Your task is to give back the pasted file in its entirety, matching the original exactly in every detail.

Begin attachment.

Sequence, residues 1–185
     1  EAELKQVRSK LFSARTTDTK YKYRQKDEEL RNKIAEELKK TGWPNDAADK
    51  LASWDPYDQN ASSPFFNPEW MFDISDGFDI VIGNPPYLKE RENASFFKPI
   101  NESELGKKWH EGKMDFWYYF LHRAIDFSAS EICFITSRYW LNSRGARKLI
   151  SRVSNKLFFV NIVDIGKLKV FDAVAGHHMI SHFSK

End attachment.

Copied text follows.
Sequence, residues 1–185
     1  EAELKQVRSK LFSARTTDTK YKYRQKDEEL RNKIAEELKK TGWPNDAADK
    51  LASWDPYDQN ASSPFFNPEW MFDISDGFDI VIGNPPYLKE RENASFFKPI
   101  NESELGKKWH EGKMDFWYYF LHRAIDFSAS EICFITSRYW LNSRGARKLI
   151  SRVSNKLFFV NIVDIGKLKV FDAVAGHHMI SHFSK